Despite the stage-y nature of the film's story, the impact of the setting cannot be diminished. Huston dragged his stars to film in Africa, and the location's oppressive heat comes through and only amplifies the tension between the captain and the missionary. Location shooting was a masterful move by Huston that brought a reality to the film which adds to its impact all these years later.
I can say with some confidence that unless you saw The African Queen back in 1951 during its initial run, you haven't really seen The African Queen until you've seen this Blu-ray disc. I first encountered the film on VHS, and although I was impressed with Bogart and Hepburn, the film left me a little cold. Revisiting for this review, I was simply blown away by the film. The gorgeous Technicolor cinematography simply jumps off the screen, with a variety of greens that simply wasn't visible on the old VHS release. Despite the clarity of the colors, the heat and humidity seem to cloak everything in a thin haze that adds to the individual drops of sweat clinging to the actors. Flesh tones are generally accurate and grain is perfectly acceptable for a film of this vintage. Detail, too, is impressive. For instance, you can see individual drops of spittle come off of Humphrey Bogart's mouth during a particularly heated discussion with Rose. It's a staggering restoration that helps put The African Queen in the pantheon of classic films where it belongs. The audio is less impressive in this context, but does a fine job with both the score and dialogue with little hiss or distortion to detract from the performances.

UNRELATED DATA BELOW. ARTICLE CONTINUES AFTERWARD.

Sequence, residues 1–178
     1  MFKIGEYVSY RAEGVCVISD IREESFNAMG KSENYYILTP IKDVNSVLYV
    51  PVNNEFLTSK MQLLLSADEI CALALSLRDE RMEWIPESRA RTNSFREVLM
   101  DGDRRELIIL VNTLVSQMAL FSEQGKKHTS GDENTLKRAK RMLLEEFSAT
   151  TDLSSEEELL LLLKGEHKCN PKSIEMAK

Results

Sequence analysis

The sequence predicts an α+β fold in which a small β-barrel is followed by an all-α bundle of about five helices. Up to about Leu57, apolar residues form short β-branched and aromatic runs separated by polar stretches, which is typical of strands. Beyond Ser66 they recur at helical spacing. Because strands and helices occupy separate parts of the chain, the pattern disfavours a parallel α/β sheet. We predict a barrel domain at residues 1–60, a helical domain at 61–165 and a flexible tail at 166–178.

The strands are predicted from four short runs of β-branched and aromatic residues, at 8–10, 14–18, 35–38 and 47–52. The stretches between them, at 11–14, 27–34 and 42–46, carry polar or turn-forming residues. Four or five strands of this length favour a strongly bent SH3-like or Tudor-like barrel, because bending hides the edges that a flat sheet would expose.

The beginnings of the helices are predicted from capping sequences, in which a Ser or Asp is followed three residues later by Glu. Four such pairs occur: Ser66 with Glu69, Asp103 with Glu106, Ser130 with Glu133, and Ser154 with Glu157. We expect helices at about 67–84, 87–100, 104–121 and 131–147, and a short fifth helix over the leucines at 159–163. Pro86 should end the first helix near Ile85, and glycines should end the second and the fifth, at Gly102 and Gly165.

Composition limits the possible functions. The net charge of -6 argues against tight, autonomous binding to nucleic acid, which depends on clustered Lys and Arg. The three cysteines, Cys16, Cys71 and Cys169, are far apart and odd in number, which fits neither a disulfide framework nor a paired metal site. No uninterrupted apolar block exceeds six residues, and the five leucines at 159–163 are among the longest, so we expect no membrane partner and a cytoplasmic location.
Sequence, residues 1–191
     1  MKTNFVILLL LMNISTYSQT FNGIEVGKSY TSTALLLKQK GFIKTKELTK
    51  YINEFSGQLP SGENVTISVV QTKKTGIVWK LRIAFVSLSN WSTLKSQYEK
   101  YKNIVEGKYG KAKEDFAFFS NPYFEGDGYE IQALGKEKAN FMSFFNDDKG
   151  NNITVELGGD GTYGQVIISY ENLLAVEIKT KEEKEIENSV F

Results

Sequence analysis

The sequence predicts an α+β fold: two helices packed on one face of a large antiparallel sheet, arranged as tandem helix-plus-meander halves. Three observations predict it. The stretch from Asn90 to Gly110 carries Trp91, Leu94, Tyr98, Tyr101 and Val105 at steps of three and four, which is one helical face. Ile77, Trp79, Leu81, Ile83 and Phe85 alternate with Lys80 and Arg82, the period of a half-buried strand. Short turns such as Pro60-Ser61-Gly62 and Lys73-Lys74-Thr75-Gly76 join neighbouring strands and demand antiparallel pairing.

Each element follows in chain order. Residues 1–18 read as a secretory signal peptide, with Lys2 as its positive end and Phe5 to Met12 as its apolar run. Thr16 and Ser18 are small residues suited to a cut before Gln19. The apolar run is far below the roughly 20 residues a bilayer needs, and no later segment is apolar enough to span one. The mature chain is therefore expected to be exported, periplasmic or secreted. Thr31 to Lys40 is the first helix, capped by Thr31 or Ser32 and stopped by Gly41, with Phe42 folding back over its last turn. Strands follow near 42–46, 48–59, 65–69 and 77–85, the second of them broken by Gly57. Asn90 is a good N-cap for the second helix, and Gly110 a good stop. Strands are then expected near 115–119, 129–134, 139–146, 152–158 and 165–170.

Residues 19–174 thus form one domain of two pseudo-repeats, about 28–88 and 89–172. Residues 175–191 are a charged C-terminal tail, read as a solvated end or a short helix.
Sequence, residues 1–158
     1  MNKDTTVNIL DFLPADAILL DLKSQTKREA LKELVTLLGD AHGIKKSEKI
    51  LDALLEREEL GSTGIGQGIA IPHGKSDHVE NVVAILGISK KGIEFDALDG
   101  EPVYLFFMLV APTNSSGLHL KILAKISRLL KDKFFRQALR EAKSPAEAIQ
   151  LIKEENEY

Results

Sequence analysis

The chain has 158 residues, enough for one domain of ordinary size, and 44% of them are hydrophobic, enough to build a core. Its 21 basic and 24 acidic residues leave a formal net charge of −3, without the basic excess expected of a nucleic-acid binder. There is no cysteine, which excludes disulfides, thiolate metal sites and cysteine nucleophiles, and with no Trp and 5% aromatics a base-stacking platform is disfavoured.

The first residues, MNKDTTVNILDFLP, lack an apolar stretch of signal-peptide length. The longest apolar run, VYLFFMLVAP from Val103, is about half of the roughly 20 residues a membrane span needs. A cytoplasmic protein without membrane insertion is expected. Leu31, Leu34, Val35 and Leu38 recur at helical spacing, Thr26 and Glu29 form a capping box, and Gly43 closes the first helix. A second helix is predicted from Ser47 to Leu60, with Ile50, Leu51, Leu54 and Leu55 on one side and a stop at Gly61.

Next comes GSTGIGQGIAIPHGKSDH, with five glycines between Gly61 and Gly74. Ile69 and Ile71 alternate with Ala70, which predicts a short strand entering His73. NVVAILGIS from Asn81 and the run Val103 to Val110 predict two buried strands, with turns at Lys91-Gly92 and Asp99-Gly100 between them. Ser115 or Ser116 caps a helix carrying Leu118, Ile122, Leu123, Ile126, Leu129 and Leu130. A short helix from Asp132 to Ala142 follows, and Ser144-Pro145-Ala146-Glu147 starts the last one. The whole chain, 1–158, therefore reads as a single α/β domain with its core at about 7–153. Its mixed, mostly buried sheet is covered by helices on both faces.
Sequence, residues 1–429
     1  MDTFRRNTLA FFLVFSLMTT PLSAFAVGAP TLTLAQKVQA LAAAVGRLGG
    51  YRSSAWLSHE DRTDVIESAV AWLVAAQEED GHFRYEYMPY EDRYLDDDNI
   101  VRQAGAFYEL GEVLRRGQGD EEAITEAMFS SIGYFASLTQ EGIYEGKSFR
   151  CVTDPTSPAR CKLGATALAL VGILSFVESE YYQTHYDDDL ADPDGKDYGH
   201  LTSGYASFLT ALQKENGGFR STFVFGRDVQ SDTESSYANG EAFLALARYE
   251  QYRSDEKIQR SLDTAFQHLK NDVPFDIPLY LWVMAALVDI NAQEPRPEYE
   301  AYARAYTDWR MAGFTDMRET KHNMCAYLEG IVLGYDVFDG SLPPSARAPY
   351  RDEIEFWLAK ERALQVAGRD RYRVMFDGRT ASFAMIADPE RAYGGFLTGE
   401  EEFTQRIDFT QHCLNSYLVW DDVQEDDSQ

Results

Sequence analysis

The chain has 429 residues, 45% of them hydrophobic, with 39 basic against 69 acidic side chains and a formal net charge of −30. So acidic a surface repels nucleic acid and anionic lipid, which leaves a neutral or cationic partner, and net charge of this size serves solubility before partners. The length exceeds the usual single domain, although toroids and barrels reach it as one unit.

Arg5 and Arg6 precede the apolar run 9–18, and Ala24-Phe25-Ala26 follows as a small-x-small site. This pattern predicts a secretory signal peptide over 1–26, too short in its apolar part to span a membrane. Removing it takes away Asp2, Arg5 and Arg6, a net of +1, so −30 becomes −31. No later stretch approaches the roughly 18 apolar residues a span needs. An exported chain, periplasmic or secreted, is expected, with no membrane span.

The only extra on this Blu-ray release is a documentary, entitled "Embracing Chaos: Making The African Queen." It's an hour-long look at the making of the film that combines contemporary footage (like a newsreel of Bogart and Bacall being quizzed about the upcoming production) with newer talking-head style interview footage. It's a great overview of the film, but that's all there is.
Considering how great this film looks I feel somewhat like a heel for suggesting that The African Queen needs more extras, but so many other classic films have not only received this kind of technical treatment but also received lavish extras to boot. The Commemorative Box Set versions of the Blu-ray and DVD release help a little, adding both a radio production and Hepburn's memoir of the experience, but even that doesn't feel like enough, especially for the jump in price. Fans have been waiting over a decade for the film's premiere on disc, and I can't help but feel like many will be disappointed with the extras here.
There's no doubt in my mind that The African Queen is a classic film that lives up to its reputation. Thankfully, fans new and old can determine that for themselves now that the film has finally been released in the digital age. Although the lack of extras is a bit of a black mark on this Blu-ray, the transfer is stunning enough to make the disc worth a purchase for most fans.
Sure, more extras would be nice, but considering the quality of the film and the transfer, this release of The African Queen is not guilty.
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Scales of Justice
* Full Frame (1080p)
* Dolby Digital 2.0 Mono (English)
* Dolby Digital 2.0 Mono (French)
* Dolby Digital 2.0 Mono (Spanish)
* English (SDH)
Running Time: 105 Minutes
Release Year: 1951
MPAA Rating: Not Rated